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Literature & Narrative

A Rogue’s Reckoning

Shreyas Adhikari

The child had to be cut out of his mother’s belly with a seax, so tall was he even in that fluid, malformed darkness of unbirth. One of Frodi’s sell-swords performed the gruesome task while two midwives smothered the nameless Hute whore’s agonised screams with a pillow. Out he came, a bald creature slippery with blood from a womb opened before its time, bawls sounding almost like the roars of a manecat and two tiny nubs of ivory peeking out of the corners of his mouth.

He was cleaned and swaddled in rags, then tossed into a wicker basket next to seven more babes born the same night. The warrior washed his hands, patted the child once on his head and rushed out with his sword drawn. Skorra had been besieged by the Merchant-Prince of Himlar. Frodi needed all the men by his side on the beleaguered walls. The midwives did not even glance twice at him before moving to the next woman, a good-wife this time, thrashing about wildly in labour.

They called him The Bastard. The get of a whore and an orcish warlord with mixed blood in his veins. Such illegitimate children nigh overran the Empire with their superabundance, cursed and loathed by gentlefolk, used as cannon fodder by the armies, slaves by some and political pawns by the rest. But this one was different. He knew he had come in a grim season of war and reaving, and for war and reaving was he destined.

The Bastard bestowed upon himself a name on his sixteenth name-day. Chaghaan. No priest of Skorra would bless him or baptise him, for orcs are considered unclean, malevolent and filthy beasts from the ninth ring of Hell where fester all those who would reject the Prophet’s word. No woman would have him, no master of arms would provide him with a good spear and pay him coin to guard the city. So Chaghaan decided to strike out on his own.

There were great opportunities across the length and breadth of the Empire. In wolf pits where desperate men battled giant, furry predators to earn their keep, alongside caravans that carried silk, spices and starsteel from one end to the other or joining one of the many blood feuds between the Emperor’s numerous jarls. Chaghaan earned his skills on the road. A full-blooded orc mercenary taught him blade swinging just because he was amused by his heritage and pluck. A Derashi Bedouin, a member of that infinitely cunning profiteer race, tutored the newly made swordsman in all the tricks and trades of conducting transactions. From a blind monk who had played adviser to the Karnish king Aelfstan Chaghaan learned how to sniff out impending wars and feuds, what words to say in order to gain admittance to a jarl’s war-band, the bitterness and rivalries in the realm, the lowly secrets of many highborn ladies and so on.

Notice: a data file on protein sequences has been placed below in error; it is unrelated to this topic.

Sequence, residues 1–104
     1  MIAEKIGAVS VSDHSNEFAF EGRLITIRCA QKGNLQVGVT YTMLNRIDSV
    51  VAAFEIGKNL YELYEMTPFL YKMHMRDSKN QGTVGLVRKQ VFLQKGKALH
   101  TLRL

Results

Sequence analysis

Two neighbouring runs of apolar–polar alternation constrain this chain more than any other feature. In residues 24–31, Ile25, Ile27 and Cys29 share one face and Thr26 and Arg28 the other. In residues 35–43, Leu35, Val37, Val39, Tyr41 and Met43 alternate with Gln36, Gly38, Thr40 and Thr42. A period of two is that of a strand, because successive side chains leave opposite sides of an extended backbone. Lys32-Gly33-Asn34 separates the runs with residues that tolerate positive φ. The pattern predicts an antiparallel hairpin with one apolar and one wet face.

At the age of eighteen, the half-orc slew his first man in a dirty catfight between the Merish sea raider Ebba and the Kingdom of Tarrin. Slathered in an admixture of blood, mud and piss, Chaghaan stood, breathing raggedly over the corpse of the mail clad giant he had cleaved open with a terrible swing of his sword. Overhead, the grey skies erupted in growling thunder and forked lightning, while down below a group of Tarrinese soldiers gaped wide eyed at their monstrous counterpart.

At the end of that war season, a grateful king granted the half-breed in his employ a new name. Chaghaan Ravenfeeder. He was nineteen, branded with the scars of battle, eyes gleaming with the madness of hot rage and the promise of slaughter. The notches on his shield marked him just short of seventy-five men slain. 

It was 1045 AD. The Empire and the Free Kingdoms were lunging at each other’s throats like ravenous panthers, each with its own justification for waging war. The taint of the old faiths had been purged from most of the realm. Temples demolished, men and women who secretly worshiped the primal gods impaled upon stakes, or torn open with their innards arranged in grotesque wreaths, eyes gouged out and replaced with iron coins. Pontiffs and priests of this new born religion screamed rhetoric from their bone white towers, rallying the masses to their cause. A great sulphurous stench of paganism and heathenry emits from the vast Empire sprawling just beyond our doors! It is our sacred duty to make them see the error of their ways! Act now or lament in futility when your daughters are ceremoniously raped by satyrs and giants!

They came from afar to carve out their share of the spoils. Housecarls, bondsmen, knights and paladins, raiders and reavers, nomad bands and Northmen. There was a titanic struggle for supremacy, a tangle of powers both old as time and new as the summer grass. The gods watched in disdain, and the ravens in delight, as a wondrous cornucopia of corpses was laid out in lavish display upon the meadows and plains of earth.

Into this chaos and turmoil came Chaghaan Ravenfeeder. Above him unfurled a banner of adventure, at his back romped a band of men as vicious, as wrathful, as hungry for slaughter and coin as himself.

He thought himself a trickster, a wolf who could outsmart the lions of the land, make them dance to his merry tunes and milk them dry of gold. He considered himself an epitome of guile and shrewdness with his equal yet to be birthed, let alone his better.

But the half-orc was young. And the favourite ornament of youth is folly.

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